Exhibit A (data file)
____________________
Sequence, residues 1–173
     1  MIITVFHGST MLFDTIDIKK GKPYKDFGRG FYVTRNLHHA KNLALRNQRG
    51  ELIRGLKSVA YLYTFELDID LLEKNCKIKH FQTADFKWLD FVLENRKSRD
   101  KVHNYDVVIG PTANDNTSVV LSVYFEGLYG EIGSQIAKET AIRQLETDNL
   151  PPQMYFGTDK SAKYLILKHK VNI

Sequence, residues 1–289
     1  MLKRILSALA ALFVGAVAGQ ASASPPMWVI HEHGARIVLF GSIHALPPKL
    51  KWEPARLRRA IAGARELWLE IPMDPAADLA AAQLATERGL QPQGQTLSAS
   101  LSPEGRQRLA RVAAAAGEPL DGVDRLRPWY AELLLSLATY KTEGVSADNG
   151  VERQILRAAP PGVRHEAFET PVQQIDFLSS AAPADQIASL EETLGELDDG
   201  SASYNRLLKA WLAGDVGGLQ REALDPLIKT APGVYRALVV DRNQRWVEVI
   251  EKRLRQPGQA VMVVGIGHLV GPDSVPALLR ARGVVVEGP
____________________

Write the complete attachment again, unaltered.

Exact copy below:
Sequence, residues 1–173
     1  MIITVFHGST MLFDTIDIKK GKPYKDFGRG FYVTRNLHHA KNLALRNQRG
    51  ELIRGLKSVA YLYTFELDID LLEKNCKIKH FQTADFKWLD FVLENRKSRD
   101  KVHNYDVVIG PTANDNTSVV LSVYFEGLYG EIGSQIAKET AIRQLETDNL
   151  PPQMYFGTDK SAKYLILKHK VNI

Sequence, residues 1–289
     1  MLKRILSALA ALFVGAVAGQ ASASPPMWVI HEHGARIVLF GSIHALPPKL
    51  KWEPARLRRA IAGARELWLE IPMDPAADLA AAQLATERGL QPQGQTLSAS
   101  LSPEGRQRLA RVAAAAGEPL DGVDRLRPWY AELLLSLATY KTEGVSADNG
   151  VERQILRAAP PGVRHEAFET PVQQIDFLSS AAPADQIASL EETLGELDDG
   201  SASYNRLLKA WLAGDVGGLQ REALDPLIKT APGVYRALVV DRNQRWVEVI
   251  EKRLRQPGQA VMVVGIGHLV GPDSVPALLR ARGVVVEGP